Revelation 8 is the eighth chapter of the Book of Revelation or the Apocalypse of John in the New Testament of the Christian Bible. The book is traditionally attributed to John the Apostle, but the precise identity of the author remains a point of academic debate.
In verse 1, the opening of the seventh seal concludes a section beginning in chapter 6 which records the opening of the "Seven Seals". Verses 2-13 and chapters 9 to 11 contain an account relating to the sounding of the "Seven Trumpets". In chapter 8, the first four angels' trumpets are sounded.
The original text was written in Koine Greek. This chapter is divided into 13 verses.
Some early manuscripts containing the text of this chapter are among others:[a]
The seven angels with seven trumpets, and the angel with a censer, from the Bamberg Apocalypse
The Seventh Seal (8:1–5)
- When He (the Lamb) opened the seventh seal, there was silence in heaven for about half an hour.
"The silence in heaven, lasting about a half-hour, begins at the place where the songs of praise still resound (Revelation 7:10-12)." The Expanded Bible describes the silence as "a dramatic pause induced by awe". Silence in the presence of God is evoked by several of the minor prophets: Habakkuk 2:20, Zephaniah 1:7 and Zechariah 2:13.
- And I saw the seven angels who stand before God, and to them were given seven trumpets.
- "The seven angels who stand before God": Heinrich Meyer notes that these are "seven particular angels, not called 'archangels', who, with a certain precedency above all the rest, stand before God". In the deuterocanonical Book of Tobit, Raphael introduces himself as "the angel Raphael, one of the seven, who stand before the Lord". W. H. Simcox, in the Cambridge Bible for Schools and Colleges commentary, suggests that the passage in Tobit bears reference to "a popular Jewish belief as to these Angels" and that "St John’s vision is expressed in terms of that belief and, it may fairly be thought, sanctions it with his prophetic authority".
- And another angel came and stood at the altar, having a golden censer; and there was given unto him much incense, that he should offer it with the prayers of all saints upon the golden altar which was before the throne.
The First Four Trumpets (8:6–12)
Similar to the first four seals, 'the first four trumpet-blasts' form a quartet', each affecting a third of the four regions of God's creation: earth, sea, fresh water, and heavens (cf. Revelation 14:7).
- And the seven angels which had the seven trumpets prepared themselves to sound.
Mayer points out that "this includes the grasping of the trumpets in such a way that they could bring them to their mouths".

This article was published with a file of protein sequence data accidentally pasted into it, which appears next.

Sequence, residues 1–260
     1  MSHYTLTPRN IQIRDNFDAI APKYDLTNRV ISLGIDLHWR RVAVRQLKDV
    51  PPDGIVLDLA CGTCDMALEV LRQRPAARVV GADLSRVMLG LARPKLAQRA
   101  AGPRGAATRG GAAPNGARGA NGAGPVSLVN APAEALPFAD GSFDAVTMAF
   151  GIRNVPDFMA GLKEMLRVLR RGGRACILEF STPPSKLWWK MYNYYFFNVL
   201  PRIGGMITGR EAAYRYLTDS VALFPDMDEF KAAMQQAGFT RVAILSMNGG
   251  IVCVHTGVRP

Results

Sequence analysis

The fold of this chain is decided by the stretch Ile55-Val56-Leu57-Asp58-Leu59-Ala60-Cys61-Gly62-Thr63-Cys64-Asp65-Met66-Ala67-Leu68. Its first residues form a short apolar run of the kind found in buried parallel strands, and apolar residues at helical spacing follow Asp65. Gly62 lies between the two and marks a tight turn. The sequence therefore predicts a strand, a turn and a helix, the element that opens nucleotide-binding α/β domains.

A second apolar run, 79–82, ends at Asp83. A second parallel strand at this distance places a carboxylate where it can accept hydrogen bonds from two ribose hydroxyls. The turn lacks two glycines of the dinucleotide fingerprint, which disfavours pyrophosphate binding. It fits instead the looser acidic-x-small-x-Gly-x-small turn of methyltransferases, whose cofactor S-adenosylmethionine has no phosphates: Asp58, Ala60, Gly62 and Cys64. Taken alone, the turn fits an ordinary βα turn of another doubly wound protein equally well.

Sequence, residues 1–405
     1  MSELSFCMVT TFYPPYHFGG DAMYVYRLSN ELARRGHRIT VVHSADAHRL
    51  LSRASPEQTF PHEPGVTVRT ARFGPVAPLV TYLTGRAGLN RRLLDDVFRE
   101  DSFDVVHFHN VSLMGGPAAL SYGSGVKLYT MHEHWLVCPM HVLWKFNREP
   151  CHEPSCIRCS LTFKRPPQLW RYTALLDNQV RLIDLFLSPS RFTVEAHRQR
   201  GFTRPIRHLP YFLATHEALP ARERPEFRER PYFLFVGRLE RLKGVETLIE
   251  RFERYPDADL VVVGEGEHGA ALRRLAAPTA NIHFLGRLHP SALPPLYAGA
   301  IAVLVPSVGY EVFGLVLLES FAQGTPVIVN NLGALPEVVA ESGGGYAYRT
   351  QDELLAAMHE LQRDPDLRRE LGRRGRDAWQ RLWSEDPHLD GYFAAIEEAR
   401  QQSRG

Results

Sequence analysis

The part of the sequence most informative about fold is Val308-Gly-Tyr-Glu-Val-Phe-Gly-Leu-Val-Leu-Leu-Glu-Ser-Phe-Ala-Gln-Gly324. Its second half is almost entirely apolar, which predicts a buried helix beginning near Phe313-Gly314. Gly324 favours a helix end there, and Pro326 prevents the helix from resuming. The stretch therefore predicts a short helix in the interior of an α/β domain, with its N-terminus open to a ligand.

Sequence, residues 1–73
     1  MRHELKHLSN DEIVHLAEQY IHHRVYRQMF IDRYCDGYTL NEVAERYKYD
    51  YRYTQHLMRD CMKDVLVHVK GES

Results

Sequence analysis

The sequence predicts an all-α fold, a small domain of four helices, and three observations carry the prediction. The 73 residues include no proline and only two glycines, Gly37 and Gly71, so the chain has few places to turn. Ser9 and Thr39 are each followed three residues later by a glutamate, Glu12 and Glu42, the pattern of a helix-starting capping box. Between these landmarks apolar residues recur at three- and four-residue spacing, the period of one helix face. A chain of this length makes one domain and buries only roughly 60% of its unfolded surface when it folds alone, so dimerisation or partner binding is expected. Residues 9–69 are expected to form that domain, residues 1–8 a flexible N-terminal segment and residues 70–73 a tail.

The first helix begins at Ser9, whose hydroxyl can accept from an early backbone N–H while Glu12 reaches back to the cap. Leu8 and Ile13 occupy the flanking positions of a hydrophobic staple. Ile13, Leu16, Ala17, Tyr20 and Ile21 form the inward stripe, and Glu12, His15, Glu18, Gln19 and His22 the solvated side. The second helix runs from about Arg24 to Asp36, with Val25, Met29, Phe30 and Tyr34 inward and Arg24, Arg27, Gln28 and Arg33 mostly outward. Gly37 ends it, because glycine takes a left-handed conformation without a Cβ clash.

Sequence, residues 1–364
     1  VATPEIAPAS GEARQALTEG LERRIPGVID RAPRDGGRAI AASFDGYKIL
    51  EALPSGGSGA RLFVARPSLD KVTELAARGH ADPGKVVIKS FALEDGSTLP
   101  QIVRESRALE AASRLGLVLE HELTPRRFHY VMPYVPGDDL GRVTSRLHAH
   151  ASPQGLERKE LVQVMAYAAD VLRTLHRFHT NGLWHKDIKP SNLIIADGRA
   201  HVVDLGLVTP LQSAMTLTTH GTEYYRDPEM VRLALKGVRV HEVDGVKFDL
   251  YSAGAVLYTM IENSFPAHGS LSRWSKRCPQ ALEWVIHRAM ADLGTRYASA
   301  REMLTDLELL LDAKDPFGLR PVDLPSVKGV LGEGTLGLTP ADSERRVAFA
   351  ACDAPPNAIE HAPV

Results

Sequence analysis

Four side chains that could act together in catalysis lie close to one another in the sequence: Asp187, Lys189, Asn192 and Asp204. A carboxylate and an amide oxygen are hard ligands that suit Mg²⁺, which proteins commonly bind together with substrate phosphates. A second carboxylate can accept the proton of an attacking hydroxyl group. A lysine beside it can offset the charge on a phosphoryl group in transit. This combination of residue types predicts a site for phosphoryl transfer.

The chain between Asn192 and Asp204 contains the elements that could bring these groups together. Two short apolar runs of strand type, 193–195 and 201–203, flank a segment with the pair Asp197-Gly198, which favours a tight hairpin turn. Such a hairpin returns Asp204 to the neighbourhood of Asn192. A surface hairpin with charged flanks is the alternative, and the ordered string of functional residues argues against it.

- And the name of the star is called Wormwood: and the third part of the waters became wormwood; and many men died of the waters, because they were made bitter.
Before the Last Three Trumpets (8:13)
This part serves as a marker (similar to the others in Revelation 9:12; Revelation 11:14) to indicate the sequence of the woes and to make aware the '(slow) progress' of the terrifying plagues.
- And I looked, and I heard an angel flying through the midst of heaven, saying with a loud voice, "Woe, woe, woe to the inhabitants of the earth, because of the remaining blasts of the trumpet of the three angels who are about to sound!"
- ^ The Book of Revelation is missing from Codex Vaticanus.
- ^ NU: 'the 27th edition of the Nestle-Aland Greek New Testament' and 'the 4th edition United Bible Societies'; M:'the Greek New Testament According to the Majority Text'.
- ^ Davids, Peter H (1982). I Howard Marshall and W Ward Gasque (ed.). New International Greek Testament Commentary: The Epistle of James (Repr. ed.). Grand Rapids, Mich.: Eerdmans. ISBN 0802823882.
- ^ Evans, Craig A (2005). Craig A Evans (ed.). Bible Knowledge Background Commentary: John, Hebrews-Revelation. Colorado Springs, Colo.: Victor. ISBN 0781442281.
- ^ F. L. Cross, The Oxford Dictionary of the Christian Church, (New York: Oxford University Press, 1997), 45
- ^ a b Simcox, W. H., Cambridge Bible for Schools and Colleges on Revelation 8, accessed 27 October 2018
- ^ Elliott, J. K. "Revelations from the apparatus criticus of the Book of Revelation: How Textual
Criticism Can Help Historians." Union Seminary Quarterly Review 63, no. 3-4 (2012): 1-23.
- ^ Claremont Coptic Encyclopaedia, Codex Vaticanus, accessed 29 September 2018
- ^ Revelation 8:1 NKJV; "the Lamb" is added in the English Standard Version and the Revised Standard Version
- ^ a b c Meyer, H. A. W., Meyer's NT Commentary on Revelation 8, accessed 26 October 2018
- ^ Revelation 8:1: Expanded Bible
- ^ Jerusalem Bible (1966), footnote at Revelation 8:1
- ^ Revelation 8:2 NKJV
- ^ Tobit 12:7 Douai-Rheims Bible
- ^ Revelation 8:3 KJV
- ^ Revelation 8:6 NKJV
- ^ Revelation 8:11 NKJV
- ^ John Gill's Exposition of the Entire Bible - Revelation 8:11
- ^ Revelation 8:13 NKJV
- ^ a b Revelation 8:13 Greek Text Analysis. Biblehub.com
- ^ Note [c] on Revelation 8:13 in NKJV
- ^ N-A28
This article incorporates text from a publication now in the public domain: Gill, John. Exposition of the Entire Bible (1746-1763).